One man who was swept away by a river, and another man who was working with the generator. So trying to get some sort of power back on at his house and he died using a generator. Many of the fears that people have here because of Hurricane Maria, because of the earthquakes of 2020 are starting to become a reality, and still a lot of questions as to how quickly crews will be able to respond and get power back up and running.

BURNETT: Well, you've been there before. You were there during Hurricane Maria in 2017. I've already said the flooding, as we understand it now, is already worse than that. You were there for a month covering Hurricane Maria. It took the island years to recover. I think it's safe to say they never fully did.

So, how was it again to see this happening?

SANTIAGO: Well, I noted, as I was talking to people today, you see some of the same faces, right, this look that people have when they look out at the water, the fear that is in their face, the anxiety.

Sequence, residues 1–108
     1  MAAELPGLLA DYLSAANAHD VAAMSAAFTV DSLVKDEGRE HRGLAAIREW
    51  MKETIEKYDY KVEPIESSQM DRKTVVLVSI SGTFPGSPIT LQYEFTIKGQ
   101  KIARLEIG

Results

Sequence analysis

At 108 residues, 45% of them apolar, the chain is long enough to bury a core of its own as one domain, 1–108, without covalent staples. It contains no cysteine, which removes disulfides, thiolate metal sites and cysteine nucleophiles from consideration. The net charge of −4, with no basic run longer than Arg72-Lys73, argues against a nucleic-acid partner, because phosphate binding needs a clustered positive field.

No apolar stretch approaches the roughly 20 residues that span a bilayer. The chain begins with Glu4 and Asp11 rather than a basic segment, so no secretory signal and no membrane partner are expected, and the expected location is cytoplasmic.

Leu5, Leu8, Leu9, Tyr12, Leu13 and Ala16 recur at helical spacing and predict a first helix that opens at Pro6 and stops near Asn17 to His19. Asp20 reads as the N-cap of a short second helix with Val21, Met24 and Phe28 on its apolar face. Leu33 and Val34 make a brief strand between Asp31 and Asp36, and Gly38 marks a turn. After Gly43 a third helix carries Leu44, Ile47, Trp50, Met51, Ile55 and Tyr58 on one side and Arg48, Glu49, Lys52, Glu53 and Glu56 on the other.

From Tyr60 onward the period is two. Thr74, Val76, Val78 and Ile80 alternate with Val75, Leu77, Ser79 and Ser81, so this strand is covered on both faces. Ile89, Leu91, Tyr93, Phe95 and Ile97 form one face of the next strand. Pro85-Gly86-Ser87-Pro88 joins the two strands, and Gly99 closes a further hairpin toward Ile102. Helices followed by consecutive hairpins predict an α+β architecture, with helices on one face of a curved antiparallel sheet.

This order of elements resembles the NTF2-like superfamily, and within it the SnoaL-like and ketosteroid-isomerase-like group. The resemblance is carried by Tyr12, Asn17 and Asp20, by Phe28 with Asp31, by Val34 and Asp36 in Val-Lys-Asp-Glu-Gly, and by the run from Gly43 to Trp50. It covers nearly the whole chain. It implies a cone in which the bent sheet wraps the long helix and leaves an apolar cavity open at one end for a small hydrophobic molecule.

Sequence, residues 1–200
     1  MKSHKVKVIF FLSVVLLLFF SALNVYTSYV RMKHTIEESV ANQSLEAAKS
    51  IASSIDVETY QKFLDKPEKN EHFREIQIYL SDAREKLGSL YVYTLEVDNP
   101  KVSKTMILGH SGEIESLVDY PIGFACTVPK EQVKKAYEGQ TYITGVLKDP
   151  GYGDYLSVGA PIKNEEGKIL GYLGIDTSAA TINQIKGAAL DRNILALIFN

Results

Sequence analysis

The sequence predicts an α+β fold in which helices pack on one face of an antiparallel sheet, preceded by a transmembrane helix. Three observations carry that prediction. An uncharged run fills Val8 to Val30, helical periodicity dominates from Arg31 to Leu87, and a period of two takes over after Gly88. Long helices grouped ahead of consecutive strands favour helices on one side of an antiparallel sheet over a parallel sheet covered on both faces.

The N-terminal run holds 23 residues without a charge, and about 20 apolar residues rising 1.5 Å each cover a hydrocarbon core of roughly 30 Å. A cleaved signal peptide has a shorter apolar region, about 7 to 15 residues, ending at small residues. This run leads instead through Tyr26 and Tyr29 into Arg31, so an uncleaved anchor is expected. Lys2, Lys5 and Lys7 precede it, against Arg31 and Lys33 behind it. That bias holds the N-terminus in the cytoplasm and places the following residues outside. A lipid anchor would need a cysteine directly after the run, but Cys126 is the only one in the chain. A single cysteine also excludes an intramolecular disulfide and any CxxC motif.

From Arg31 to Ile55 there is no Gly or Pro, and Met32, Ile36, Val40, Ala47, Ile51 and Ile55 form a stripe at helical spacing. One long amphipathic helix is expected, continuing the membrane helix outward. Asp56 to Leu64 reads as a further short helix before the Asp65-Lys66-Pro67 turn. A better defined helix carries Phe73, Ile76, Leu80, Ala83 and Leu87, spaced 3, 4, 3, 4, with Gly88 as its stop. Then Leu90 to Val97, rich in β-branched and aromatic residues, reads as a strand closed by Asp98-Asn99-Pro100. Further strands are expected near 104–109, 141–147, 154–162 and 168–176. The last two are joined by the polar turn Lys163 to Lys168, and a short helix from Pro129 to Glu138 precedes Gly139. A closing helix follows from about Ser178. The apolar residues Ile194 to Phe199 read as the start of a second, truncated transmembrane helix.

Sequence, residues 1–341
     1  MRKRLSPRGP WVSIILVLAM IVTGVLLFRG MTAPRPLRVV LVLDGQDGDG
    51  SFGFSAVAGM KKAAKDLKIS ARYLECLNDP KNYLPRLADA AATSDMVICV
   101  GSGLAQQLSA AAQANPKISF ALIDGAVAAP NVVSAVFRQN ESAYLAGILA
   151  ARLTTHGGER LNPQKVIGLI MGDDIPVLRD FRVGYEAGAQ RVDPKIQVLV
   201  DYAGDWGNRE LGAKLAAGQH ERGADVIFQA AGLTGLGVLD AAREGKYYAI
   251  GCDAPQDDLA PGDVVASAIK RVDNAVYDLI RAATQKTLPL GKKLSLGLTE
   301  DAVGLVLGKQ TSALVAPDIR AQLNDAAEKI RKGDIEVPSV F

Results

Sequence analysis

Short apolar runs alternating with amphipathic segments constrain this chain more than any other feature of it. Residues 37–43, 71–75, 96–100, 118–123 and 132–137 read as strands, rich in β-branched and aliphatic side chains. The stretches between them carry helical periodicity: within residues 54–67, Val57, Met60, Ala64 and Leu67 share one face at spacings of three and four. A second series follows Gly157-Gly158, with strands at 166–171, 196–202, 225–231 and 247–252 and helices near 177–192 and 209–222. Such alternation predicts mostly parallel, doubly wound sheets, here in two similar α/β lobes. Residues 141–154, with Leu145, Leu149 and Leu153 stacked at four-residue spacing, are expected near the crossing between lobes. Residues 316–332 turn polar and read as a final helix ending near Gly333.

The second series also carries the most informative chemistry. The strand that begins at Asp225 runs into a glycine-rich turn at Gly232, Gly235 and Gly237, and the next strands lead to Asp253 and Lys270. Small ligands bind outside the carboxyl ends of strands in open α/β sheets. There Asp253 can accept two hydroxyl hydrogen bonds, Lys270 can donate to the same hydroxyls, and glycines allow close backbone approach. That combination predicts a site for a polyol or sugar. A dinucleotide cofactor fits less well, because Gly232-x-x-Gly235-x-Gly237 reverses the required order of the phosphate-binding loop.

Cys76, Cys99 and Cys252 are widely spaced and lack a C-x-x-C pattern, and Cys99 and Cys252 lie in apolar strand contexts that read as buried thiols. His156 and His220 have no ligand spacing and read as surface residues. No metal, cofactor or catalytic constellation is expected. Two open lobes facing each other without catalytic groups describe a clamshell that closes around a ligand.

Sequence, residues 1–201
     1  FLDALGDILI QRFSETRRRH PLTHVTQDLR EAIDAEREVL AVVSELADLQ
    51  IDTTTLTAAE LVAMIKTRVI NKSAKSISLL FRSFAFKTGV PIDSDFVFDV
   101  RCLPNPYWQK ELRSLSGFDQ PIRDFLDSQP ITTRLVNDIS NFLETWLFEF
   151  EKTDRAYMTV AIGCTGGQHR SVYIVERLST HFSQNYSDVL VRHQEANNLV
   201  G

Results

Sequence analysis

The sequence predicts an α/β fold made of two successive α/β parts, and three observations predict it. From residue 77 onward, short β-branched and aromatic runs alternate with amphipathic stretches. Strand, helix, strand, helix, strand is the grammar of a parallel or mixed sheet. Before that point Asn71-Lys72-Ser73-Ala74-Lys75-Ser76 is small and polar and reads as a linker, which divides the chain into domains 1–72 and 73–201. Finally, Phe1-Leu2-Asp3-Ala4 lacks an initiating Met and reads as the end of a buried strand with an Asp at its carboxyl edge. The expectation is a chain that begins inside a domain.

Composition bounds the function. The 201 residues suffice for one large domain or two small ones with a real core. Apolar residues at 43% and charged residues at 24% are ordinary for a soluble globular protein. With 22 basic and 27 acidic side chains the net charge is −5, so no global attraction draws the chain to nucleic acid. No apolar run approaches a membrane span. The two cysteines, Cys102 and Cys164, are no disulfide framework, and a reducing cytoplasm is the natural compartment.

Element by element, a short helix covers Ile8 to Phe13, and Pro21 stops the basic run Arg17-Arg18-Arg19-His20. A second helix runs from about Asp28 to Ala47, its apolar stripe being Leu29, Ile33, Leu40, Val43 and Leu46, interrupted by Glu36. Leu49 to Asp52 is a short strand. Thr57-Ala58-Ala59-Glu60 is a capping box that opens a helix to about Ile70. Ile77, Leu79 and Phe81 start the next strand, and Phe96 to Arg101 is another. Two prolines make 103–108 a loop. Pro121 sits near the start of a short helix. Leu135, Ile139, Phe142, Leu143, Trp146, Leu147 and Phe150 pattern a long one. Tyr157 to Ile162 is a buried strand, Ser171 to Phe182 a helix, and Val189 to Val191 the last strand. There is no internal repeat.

I went into Salinas today, the southern part of the island. And when I went into the shelter, there were children, there were elderly people. One elderly woman said to me, this is worse than Maria as her daughter stood next to her shaking from the anxiety because they had to be evacuated from their homes by the National Guard that came in at 1:00 a.m. in Salinas to get them out because of those floods.

And I want to let you listen into an exchange I had with one of the residents there, and a business owner in Salinas today.


JUAN MIGUEL GONZALEZ, SALINAS RESIDENT AND BUSINESS OWNER: It's been rough. We've been just working to get back this neighborhood getting back from marina where everything was destroyed. Restaurants, houses, everything was destroyed. And we just, we're not all the way back, but now we're back. A lot of people more than Maria lost their houses now, we lost everything on the house because they're floating.